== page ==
Technology for rejoining the workforce

There’s nothing anecdotal about the term “silver tsunami.” According to Wikipedia, it is “a metaphor used to describe population aging.” One oft-reported effect is how people are delaying retirement or coming out of retirement to rejoin the workforce.

For the latter rejoiners, what do you do when you were previously in a field/career that didn’t require learning or using digital world tools such as a computer? I bet the ink ribbon of your Smith Corona in the attic is bone dry. And even if you can ask your friend to order a replacement ribbon, that job application process requires an electronic version of your resume.

Don’t sweat it! Easy for me to say? Well, I’ve been asked questions from people matching the above two paragraphs and my answer seemed to have alleviated the anxiety so bear with me.

In Westlake and Bay Village, whatever your socioeconomic status is, we enjoy wonderful resources such as the Westlake Porter Public Library and the Bay Village branch library where they have computers you can use and classes you can take.

The digital world, aka the internet, has changed everything. Some things also can appear confusing but with a palatable explanation, in this case through use of analogies; things can be seen as an evolution of a familiar product that offers the same functionality. For example Microsoft Word software can be thought of as just an evolution of what you know and used in the distant past – a Smith Corona typewriter!

Yes, I did say typewriter, although the actual lingo is “word processor.” But don’t kid yourself – the functionality provided by the Word software on the computer is to type documents a la Smith Corona with the added benefit of not having to use white-out.

Rotary phones evolved into push phones, then to cordless phones that gave you untethered mobility within the confines of your abode, and then came cell phones that gave you mobility outside your home. Of course, the benefit of someone being able to reach you outside your house is debatable but with smartphones, they upped the communication function tenfold by utilizing the internet … but you can still make a phone call. Like the evolution of communication devices, Word software is an evolved typewriter.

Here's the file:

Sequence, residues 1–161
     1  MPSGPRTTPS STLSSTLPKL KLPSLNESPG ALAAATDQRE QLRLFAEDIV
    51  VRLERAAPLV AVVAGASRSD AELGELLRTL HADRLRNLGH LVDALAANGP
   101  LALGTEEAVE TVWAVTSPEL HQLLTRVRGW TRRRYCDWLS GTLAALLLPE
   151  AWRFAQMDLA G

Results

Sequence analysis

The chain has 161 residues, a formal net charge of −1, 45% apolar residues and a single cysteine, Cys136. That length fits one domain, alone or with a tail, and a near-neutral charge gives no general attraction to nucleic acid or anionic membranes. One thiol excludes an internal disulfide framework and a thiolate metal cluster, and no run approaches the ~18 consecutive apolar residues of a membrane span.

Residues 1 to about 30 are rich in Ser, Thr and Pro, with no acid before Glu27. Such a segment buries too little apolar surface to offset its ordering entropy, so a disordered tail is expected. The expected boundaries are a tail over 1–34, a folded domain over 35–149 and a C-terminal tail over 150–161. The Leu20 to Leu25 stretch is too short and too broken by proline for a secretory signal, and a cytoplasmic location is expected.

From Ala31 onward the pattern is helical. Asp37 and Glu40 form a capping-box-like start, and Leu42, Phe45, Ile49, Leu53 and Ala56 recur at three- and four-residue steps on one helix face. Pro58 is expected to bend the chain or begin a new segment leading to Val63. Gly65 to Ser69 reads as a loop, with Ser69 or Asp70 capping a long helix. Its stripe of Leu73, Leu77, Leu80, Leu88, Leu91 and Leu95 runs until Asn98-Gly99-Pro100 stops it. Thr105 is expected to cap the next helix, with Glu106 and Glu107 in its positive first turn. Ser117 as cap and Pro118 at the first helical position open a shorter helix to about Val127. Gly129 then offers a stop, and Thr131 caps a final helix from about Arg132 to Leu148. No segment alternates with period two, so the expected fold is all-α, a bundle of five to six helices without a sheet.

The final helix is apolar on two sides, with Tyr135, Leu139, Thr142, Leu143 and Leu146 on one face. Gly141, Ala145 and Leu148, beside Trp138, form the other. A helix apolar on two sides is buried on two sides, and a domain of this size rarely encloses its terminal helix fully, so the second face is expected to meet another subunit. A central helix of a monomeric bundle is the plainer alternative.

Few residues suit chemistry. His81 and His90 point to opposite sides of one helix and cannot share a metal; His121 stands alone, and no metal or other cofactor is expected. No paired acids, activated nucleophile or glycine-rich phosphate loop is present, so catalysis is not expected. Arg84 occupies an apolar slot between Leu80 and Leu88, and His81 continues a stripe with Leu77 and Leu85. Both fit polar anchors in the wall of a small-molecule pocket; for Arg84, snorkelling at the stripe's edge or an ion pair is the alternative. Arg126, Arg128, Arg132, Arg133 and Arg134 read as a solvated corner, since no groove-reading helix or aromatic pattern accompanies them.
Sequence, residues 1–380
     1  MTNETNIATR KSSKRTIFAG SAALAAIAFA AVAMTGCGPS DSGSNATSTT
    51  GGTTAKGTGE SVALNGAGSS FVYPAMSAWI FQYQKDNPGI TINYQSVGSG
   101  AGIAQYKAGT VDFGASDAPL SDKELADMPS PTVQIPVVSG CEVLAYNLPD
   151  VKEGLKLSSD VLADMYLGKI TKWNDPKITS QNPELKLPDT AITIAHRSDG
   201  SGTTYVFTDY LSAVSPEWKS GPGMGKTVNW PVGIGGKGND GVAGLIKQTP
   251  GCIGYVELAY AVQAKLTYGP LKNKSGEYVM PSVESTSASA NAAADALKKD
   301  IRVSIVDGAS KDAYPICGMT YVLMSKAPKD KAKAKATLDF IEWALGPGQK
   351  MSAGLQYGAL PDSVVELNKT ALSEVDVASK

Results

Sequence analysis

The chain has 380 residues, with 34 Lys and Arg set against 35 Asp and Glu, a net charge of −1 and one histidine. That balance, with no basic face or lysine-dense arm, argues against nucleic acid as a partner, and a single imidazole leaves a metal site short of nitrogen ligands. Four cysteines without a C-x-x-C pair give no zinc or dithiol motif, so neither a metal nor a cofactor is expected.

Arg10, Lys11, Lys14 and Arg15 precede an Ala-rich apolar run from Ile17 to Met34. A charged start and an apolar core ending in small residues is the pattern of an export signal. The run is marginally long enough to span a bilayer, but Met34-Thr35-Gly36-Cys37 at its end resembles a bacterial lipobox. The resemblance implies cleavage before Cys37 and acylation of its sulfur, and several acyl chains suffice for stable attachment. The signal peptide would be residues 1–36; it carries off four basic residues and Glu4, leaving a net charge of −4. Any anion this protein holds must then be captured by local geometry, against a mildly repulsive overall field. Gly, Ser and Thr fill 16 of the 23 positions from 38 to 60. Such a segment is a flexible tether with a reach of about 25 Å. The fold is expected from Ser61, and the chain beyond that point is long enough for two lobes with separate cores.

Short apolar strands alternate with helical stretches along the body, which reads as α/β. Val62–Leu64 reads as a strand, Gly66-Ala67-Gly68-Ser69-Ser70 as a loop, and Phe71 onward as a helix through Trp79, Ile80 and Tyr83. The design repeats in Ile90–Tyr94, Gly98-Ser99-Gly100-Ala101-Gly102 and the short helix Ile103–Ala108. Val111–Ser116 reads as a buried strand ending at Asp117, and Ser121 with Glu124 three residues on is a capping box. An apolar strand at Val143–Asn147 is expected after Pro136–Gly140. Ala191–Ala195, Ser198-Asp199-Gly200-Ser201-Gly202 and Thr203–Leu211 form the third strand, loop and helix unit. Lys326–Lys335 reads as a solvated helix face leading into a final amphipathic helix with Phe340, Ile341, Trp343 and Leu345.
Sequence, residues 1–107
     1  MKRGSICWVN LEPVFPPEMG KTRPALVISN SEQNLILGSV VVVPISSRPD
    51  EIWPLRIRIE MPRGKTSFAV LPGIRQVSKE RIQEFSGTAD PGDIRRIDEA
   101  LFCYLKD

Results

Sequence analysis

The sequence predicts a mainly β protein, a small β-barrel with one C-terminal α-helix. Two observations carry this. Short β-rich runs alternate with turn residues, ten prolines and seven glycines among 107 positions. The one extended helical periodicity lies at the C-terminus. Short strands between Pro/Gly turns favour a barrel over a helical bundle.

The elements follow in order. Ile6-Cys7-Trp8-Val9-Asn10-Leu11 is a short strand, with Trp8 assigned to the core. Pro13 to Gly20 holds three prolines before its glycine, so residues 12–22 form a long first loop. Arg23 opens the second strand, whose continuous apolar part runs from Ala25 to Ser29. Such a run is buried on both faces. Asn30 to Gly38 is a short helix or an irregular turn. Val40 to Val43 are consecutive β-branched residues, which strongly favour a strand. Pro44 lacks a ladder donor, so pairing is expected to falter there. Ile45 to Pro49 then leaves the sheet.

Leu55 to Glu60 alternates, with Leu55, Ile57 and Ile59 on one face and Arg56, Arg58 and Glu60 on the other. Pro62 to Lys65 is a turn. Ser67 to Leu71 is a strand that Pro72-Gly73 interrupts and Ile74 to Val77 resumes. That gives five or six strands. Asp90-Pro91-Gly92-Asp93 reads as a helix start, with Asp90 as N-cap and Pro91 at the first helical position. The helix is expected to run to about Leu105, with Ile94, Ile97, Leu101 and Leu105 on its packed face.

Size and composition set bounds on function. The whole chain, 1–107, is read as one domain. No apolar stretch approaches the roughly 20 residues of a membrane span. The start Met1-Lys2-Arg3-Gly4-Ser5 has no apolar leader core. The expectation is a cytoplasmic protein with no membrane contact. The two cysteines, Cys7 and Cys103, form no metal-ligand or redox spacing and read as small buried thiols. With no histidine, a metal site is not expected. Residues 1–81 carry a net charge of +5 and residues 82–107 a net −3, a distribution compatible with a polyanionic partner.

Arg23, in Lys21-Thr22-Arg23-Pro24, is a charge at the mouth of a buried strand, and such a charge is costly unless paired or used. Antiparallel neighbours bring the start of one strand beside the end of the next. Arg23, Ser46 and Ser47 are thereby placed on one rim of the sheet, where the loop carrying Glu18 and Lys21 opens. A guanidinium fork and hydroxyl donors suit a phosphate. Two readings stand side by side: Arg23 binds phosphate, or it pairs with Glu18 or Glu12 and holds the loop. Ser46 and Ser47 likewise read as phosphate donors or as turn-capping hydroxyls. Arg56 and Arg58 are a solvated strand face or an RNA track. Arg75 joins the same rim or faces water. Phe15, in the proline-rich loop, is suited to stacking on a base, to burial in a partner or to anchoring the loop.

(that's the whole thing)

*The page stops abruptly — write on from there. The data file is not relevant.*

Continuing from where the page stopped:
Sitting in front of a computer at Porter Library, you will recognize the keyboard that is eerily similar to the ones on the electronic Smith Coronas. Hint: the carriage return and advance key on the computer’s keyboard is labeled “Enter” instead of “Return.” Whether Return or Enter, they do the same thing: advance a line and start typing again on the left side of the paper. Manual Smith Coronas did that with the bar sticking out that you push the carriage that held your paper from left-to-right.

The first time you log into a library computer with your cardholder credentials, you may be intimidated by all the colorful things appearing on the screen that is Windows. Fear not and focus: You are looking for that evolved typewriter icon which represents the Word software!

Tak Sato

Strategist and technologist with over 25 years of experience. Holds Bachelor of Science in Computer Information Science and Executive MBA from Cleveland State University.

As Founder for the Center for Aging in the Digital World, a 501(c)(3) nonprofit empowering seniors with digital literacy, Tak connects the dots to help people utilize appropriate technology in their personal and professional lives.

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Volume 10, Issue 12, Posted 9:24 AM, 06.19.2018